Later, a value engineering exercise was initiated by the owner to prioritize other concert hall upgrades. We ended up changing to another model speaker but from the same manufacturer. This alternate system was comprised of (2) five-box line arrays, again with (8) subwoofers and the same associated devices. For comparison, this revised system now totaled roughly $155k. There were some sacrifices made, but nothing that would have an overall detrimental effect on the resultant performance in this concert hall. The main difference was that the original loudspeaker was an active type, whereas the alternative loudspeaker system was passive. The performance characteristics (frequency response, SPL, etc.) were otherwise nearly identical.
With that change made, the drawings and specs went out to bid, which occurred just before InfoComm took place. At the time, this project design was complete and basically out of my hands. However, I was so impressed with the demo of this same brand’s new product that I tracked down our contact and asked what the chances were of getting the new speaker into the aforementioned concert hall. We talked about it briefly after the demo and agreed to reconnect the week after we all got home. As planned, we spoke, and he provided me with a quote for the equivalent system using this new technology. This approach included (2) two-box line arrays instead with (4) subwoofers, and the rest of the system unchanged. The new design was $175k – still significantly less than the originally specified product, and only $20k more than the VE’d system.
Equipped with this knowledge, I immediately called my client and explained the situation. I informed him of how the new loudspeaker sounds great, is a much smaller form factor, and the acoustic rejection below and behind the loudspeakers is improved (which was important given the location where the speakers were being mounted in this case). Wouldn’t you know, they were just as excited as I was!
The challenge remaining? The fact that the project was already out to bid. Was it too late to issue the change? I called our manufacturer contact back, and with the client’s blessing, recommended the bidders substitute the new product for the specified ones, even though the spec was very specific, noting that the client and I would approve the substitution. We all (myself, the client, and the manufacturer) agreed that this new product is the right product for this concert hall, and I for one cannot wait to hear it in this space once it’s installed!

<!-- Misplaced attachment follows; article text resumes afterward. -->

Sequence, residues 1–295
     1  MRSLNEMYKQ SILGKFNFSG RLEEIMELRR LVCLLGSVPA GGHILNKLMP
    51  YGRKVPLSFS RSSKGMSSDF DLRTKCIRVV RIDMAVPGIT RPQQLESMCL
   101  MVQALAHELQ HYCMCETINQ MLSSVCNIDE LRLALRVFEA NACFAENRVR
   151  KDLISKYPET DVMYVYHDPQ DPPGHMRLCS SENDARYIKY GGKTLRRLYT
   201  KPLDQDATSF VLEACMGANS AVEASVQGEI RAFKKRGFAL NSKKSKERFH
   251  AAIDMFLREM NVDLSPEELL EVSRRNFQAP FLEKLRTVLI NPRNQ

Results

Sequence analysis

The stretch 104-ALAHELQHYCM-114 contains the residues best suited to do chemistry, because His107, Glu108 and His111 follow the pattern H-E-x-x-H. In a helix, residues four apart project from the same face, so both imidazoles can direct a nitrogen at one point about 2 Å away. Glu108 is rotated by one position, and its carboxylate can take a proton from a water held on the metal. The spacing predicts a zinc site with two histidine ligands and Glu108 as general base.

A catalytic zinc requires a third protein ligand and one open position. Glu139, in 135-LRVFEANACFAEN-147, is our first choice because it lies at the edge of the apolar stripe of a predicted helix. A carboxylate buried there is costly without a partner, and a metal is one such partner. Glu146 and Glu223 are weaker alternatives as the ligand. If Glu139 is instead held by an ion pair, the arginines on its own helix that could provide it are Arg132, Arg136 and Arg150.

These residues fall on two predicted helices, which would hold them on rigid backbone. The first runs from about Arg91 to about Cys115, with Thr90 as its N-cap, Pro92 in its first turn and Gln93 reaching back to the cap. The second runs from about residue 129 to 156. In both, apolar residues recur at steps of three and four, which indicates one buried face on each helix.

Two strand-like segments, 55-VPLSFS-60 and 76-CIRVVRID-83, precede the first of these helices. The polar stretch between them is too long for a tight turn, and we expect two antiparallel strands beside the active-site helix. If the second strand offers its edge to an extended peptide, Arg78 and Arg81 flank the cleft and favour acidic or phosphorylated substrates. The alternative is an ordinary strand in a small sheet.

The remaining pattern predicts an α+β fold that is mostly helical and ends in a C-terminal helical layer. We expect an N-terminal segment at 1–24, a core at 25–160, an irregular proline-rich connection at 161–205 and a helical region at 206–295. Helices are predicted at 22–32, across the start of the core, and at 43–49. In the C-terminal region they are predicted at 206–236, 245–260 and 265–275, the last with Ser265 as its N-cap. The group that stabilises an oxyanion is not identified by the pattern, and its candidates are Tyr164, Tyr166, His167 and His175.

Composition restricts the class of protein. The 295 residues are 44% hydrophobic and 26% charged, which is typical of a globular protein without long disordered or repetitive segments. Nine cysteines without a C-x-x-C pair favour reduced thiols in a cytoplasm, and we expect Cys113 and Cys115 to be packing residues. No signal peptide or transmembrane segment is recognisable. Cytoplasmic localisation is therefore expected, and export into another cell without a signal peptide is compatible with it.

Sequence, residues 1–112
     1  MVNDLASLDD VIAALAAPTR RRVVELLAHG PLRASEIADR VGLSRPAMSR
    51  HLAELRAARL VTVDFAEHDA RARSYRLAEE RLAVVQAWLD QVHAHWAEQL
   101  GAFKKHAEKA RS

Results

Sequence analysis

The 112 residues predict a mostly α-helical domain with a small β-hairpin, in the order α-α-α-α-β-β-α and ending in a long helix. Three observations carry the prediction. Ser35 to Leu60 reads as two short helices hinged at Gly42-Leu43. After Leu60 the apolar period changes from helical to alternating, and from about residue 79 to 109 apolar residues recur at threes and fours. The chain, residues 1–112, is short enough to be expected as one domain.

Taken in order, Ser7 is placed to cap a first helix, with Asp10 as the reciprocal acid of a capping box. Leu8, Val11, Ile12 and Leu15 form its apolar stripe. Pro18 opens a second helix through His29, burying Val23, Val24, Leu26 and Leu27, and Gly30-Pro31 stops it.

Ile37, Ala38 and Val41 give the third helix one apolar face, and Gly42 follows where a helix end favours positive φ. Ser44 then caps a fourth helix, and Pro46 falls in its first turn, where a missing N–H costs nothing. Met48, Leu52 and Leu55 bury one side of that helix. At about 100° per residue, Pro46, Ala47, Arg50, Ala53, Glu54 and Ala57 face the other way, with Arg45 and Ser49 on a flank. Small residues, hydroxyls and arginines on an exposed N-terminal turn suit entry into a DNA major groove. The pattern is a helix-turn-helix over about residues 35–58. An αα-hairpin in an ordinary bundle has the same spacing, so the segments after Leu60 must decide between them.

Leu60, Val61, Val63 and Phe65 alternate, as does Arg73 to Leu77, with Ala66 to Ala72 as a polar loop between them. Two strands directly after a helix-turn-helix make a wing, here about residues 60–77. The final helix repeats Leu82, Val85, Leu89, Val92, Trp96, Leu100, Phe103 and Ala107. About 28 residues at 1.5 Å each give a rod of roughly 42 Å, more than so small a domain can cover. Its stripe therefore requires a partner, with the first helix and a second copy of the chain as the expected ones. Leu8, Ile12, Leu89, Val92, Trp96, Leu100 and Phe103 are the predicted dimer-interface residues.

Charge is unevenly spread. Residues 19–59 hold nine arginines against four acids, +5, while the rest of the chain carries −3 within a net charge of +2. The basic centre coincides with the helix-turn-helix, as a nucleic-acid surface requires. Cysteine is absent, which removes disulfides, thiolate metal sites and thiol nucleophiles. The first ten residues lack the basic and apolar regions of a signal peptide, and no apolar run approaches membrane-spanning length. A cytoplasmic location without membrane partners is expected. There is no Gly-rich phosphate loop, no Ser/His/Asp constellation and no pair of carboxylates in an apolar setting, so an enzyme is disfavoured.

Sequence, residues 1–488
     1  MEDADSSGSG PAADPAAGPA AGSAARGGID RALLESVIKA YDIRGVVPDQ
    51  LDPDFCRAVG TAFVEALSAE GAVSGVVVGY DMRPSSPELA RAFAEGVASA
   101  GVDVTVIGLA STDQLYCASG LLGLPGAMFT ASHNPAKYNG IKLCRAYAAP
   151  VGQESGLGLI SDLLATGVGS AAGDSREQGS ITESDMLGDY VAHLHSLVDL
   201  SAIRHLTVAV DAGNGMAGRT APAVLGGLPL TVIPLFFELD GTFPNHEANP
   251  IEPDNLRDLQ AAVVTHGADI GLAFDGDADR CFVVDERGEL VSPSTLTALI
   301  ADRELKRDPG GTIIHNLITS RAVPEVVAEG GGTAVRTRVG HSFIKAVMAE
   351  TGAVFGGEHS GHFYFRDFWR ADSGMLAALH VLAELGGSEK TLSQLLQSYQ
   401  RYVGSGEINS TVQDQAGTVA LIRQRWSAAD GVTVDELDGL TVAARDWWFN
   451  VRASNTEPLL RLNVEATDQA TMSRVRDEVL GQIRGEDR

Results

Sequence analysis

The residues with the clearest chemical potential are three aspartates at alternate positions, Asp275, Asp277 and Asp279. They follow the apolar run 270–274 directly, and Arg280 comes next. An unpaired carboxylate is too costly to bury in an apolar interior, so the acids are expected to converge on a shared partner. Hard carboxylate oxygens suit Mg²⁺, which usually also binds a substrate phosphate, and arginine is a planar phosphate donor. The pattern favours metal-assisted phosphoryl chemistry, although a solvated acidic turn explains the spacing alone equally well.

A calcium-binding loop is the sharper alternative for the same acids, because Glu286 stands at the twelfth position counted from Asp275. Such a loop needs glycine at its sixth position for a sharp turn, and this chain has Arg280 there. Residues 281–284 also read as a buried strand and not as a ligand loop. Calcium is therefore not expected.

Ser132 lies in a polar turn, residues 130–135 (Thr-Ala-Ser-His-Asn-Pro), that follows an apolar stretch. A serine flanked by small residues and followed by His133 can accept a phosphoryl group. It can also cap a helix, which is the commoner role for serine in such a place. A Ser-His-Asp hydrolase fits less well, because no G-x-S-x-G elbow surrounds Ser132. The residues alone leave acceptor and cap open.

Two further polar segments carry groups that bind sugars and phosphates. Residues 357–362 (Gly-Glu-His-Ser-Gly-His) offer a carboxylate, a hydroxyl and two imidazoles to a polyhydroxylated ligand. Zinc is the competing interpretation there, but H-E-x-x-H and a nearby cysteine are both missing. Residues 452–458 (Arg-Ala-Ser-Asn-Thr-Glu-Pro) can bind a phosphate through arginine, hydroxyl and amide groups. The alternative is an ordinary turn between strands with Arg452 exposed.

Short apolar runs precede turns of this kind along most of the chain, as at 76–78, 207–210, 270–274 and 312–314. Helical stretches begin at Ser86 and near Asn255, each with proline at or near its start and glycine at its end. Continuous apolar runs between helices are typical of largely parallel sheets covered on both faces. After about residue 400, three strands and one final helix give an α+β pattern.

One of the benefits of being a consultant is having the ability to see and hear new and emerging products and then having the ability to influence change that benefits our clients. Part of that comes from having these kinds of direct relationships with manufacturers and their representatives. As an independent consultant, we remain brand-agnostic, and as such know about a wide variety of available and future technologies coming to the market. We specify the “right” product for each project, and manufacturers provide us with all the information we need to determine if their product is the best fit. We rely on these relationships for product demos, technical information, lead times, and product roadmaps. This is in turn extremely important for our clients as it helps ensure the appropriate technology is going into their new or renovated facility. As shown in this case, we were able to swiftly transition to a new technology and save costs for the client.